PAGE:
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Statechart Module Tutorial Part 5: Using Orthogonal Regions

LabVIEW 2010 Statechart Module Help

Edition Date: June 2013

Part Number: 372103F-01

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In Part 4 of this tutorial, you learned how to create and configure regions and substates. In Part 5 of this tutorial, you add orthogonal regions.

  You can complete these exercises in approximately 35 minutes.
Note  You can refer to the labview\examples\Statechart\Tutorial\Synchronous\Getting Started 5.lvsc for a completed version of the statechart you create in this part of the tutorial.

Creating the Orthogonal Region

Orthogonal regions are multiple regions in the same state. Substates in orthogonal regions execute concurrently, which means these states both execute during a single iteration of the statechart. Complete the following steps to add orthogonal regions to the statechart.

  1. Display the Statechart Editor window for the My Getting Started Statechart.lvsc statechart that you constructed in Part 4 of this tutorial. You also can navigate to the labview\examples\Statechart\Tutorial\Synchronous directory and open Getting Started 4.lvsc for the completed statechart from Part 4 of this tutorial. You can display the Statechart Editor window by double-clicking the Diagram.vi item in the Project Explorer window for the statechart.
  2. Click and drag to increase the size of the Watch Running superstate.
  3. Place a second region inside the Watch Running superstate below the Display region.
  4. Label this new region Timer.
  5. Place two states inside this region.
  6. Label the substates Idle and Running.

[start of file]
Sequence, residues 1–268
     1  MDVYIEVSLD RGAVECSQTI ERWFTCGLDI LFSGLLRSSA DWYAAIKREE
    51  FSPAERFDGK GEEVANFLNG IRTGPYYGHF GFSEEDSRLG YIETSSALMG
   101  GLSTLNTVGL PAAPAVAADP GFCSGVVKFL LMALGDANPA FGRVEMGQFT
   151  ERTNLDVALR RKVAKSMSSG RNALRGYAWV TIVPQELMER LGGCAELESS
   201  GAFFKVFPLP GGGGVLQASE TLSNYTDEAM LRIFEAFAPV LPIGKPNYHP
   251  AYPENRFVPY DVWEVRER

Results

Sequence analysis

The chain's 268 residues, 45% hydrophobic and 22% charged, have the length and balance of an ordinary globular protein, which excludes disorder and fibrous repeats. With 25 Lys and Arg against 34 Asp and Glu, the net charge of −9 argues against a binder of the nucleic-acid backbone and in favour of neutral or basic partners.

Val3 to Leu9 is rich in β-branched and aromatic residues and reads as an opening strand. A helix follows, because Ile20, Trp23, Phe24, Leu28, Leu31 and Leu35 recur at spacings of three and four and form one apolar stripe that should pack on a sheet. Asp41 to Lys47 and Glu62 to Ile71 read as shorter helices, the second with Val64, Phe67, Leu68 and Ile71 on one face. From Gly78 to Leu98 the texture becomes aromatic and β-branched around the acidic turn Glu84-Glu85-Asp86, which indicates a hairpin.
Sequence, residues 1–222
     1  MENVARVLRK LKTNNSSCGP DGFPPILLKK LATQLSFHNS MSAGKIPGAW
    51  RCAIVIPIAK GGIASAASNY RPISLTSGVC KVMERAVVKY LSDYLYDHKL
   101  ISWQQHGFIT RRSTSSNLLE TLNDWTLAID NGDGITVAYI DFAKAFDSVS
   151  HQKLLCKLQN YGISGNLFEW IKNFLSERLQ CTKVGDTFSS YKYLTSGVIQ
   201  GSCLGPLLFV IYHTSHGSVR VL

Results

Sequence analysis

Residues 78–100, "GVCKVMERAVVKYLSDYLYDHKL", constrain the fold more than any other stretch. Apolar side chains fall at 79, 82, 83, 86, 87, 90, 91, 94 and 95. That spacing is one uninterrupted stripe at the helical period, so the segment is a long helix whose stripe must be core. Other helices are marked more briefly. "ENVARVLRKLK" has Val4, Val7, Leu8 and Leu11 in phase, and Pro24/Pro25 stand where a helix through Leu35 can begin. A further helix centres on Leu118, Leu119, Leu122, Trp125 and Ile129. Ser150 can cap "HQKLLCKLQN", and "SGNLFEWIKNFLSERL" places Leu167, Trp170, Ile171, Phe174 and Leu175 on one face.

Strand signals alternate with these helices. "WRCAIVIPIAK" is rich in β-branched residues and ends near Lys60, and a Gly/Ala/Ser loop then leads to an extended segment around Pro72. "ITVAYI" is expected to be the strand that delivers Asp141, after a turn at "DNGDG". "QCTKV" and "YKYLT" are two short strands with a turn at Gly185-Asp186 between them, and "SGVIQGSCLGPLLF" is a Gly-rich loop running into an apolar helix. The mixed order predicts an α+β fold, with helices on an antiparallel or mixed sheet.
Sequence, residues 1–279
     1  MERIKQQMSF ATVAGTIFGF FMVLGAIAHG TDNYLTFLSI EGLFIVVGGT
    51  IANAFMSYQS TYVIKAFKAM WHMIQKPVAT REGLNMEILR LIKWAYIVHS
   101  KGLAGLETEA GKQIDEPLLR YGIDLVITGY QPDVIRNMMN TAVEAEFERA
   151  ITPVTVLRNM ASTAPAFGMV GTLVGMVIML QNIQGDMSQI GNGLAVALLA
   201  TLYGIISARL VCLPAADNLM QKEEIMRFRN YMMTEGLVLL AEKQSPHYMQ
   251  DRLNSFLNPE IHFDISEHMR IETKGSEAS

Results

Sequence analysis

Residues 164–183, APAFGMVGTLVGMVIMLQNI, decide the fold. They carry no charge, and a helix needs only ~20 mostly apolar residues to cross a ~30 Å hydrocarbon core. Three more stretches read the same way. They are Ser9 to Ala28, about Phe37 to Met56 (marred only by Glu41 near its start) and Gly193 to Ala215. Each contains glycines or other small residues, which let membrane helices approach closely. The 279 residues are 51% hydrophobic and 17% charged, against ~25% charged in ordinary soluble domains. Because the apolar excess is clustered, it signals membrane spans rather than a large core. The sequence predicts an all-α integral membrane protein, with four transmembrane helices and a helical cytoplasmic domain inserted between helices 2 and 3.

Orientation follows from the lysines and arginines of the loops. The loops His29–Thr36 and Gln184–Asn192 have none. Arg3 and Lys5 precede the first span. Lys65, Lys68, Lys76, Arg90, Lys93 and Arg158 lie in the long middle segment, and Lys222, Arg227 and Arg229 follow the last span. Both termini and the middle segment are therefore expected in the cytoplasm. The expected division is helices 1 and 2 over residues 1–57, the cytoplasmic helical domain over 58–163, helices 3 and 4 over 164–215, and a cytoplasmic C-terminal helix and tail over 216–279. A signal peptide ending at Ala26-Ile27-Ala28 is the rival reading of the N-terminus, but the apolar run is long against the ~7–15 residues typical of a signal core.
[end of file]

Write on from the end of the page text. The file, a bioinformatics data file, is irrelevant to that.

7. Place an Initial pseudostate in the Timer region.
  8. Create the following transitions:
    • From the Initial pseudostate to the Idle substate.
    • From the Idle substate to the Running substate. Configure this transition to react to a Start trigger only.
    • From the Running substate to the Idle substate. Configure this transition to react to a Stop/Reset trigger only.

The statechart diagram now resembles the following image:

Defining a Transition Guard

The next step is specifying that the statechart transitions from the Idle to the Running state only when the statechart also is executing the Timer substate. To specify this behavior, you use a transition guard. A transition guard is LabVIEW block diagram code that determines whether the statechart takes the associated transition. The guard code must return either TRUE or FALSE. If the guard returns TRUE, the statechart takes the transition. If the guard returns FALSE, the statechart does not take the transition.

Complete the following steps to define this guard.

  1. Double-click the transition node from the Idle state to the Running state to display the Configure Transition dialog box.
  2. Click the Guard tab.
  3. Click the Inputs cluster control on the left-side of the block diagram and select StatechartState.